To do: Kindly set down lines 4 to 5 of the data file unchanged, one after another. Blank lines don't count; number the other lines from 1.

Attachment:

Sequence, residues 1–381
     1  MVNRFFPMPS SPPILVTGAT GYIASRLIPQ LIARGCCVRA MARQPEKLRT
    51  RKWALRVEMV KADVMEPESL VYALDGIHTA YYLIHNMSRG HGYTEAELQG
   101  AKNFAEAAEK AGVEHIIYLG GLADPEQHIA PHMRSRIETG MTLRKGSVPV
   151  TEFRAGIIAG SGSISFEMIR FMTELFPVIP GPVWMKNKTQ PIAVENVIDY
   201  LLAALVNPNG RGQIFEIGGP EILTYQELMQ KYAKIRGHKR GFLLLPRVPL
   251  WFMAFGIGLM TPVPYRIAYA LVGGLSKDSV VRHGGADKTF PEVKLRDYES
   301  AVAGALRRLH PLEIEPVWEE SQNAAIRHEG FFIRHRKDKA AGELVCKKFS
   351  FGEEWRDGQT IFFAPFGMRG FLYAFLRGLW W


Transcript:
   101  AKNFAEAAEK AGVEHIIYLG GLADPEQHIA PHMRSRIETG MTLRKGSVPV
   151  TEFRAGIIAG SGSISFEMIR FMTELFPVIP GPVWMKNKTQ PIAVENVIDY